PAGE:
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Info from CFX3200 Discussion Thread PSU related

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I am currently reading through the entire CFX3200 discussion thread and I can across this a post that had a link with some interesting info in regard to power supplies. Since I have had absolutely no problems with my CFX3200 so far and I run a single rail PSU, while the link does not specifically mention the 580 chipset, I think there might be some truth to this in regard to problems with the CFX3200.

 

http://www.theinquirer.net/default.aspx?article=29940

 

You Also might want to read this page in the CFX3200 discussion thread.

 

http://www.dfi-street.com/forum/showthread...t=50632&page=19

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I haven't had a chance to completely read the whole "CFX3200" thread, but does this dual rail problem happen with two video cards? I'm using a dual rail PSU and a GFX PSU which totals (4) 12V rails and haven't had any problems yet.

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Wow interesting find, I'm glad to see somebody has the patience to sift through that huge thread.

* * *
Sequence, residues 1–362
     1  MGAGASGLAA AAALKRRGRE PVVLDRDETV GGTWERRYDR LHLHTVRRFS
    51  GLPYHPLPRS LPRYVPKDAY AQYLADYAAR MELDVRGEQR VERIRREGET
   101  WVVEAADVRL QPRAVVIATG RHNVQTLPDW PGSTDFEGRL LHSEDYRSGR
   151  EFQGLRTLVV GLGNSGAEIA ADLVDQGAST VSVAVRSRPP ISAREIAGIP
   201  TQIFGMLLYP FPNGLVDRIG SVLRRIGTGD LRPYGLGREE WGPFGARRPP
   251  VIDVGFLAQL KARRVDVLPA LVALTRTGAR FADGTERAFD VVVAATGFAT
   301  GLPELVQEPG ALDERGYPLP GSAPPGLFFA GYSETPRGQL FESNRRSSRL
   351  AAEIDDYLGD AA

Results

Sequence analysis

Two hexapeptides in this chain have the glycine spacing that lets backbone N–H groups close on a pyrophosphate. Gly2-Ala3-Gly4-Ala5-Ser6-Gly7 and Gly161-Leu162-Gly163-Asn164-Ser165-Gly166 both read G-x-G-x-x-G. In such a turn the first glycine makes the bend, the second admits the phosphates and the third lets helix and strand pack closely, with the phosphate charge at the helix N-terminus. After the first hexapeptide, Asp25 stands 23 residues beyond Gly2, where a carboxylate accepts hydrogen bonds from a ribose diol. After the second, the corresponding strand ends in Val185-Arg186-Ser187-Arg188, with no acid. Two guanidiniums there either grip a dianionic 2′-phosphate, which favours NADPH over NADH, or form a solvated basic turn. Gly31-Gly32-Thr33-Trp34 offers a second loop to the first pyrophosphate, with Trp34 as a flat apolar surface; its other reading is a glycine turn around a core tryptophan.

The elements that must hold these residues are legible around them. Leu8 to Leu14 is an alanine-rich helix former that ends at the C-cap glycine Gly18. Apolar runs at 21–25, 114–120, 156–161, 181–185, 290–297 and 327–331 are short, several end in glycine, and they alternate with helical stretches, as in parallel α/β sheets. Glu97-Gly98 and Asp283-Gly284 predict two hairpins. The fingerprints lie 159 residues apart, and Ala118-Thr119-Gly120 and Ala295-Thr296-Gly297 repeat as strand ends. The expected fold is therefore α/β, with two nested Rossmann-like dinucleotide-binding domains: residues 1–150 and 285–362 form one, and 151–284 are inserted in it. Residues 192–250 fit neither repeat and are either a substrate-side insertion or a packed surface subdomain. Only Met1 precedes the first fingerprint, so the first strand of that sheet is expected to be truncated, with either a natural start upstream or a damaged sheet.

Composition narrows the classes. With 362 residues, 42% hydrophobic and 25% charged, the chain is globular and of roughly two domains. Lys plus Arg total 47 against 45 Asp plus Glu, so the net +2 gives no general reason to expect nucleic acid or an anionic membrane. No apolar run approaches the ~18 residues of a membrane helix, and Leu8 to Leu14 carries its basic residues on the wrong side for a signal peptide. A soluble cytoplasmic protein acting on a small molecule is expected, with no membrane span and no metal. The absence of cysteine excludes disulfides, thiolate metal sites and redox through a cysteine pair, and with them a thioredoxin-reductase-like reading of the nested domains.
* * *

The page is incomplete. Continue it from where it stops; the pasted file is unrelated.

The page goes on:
It probably depends a lot on how the rails are split as well, I'm guessing what they're trying to say is that the load isn't evenly distributed on the multi rail PSUs and one of them is getting overloaded.

 

For what it's worth so far my OCZ GXS600 is working with my CFX3200, my sig isn't up to date currently I'm Priming 301x9 1.3Vx101.4% with the RAM on the 166 divider. Its rails are split as follows:

 

12V1 - misc loads (molex, sata hdds) and motherboard main power (24pin)

12V2 - PCI-E 6-pin #1

12V3 - 2 of the 4 power pins in the 8-pin 12V header

12V4 - 2 of the 4 power pins in the 8-pin 12V header, PCI-E 6-pin #2

 

Given the way they are split up I have my single X850 on 12V2 so each rail has something to play with, using all mobo power connectors (even the floppy one by the PCI-E slot), and I have 1 HDD and 5 fans (2x120, 1x80, 1x40, 1x70)

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from what i have read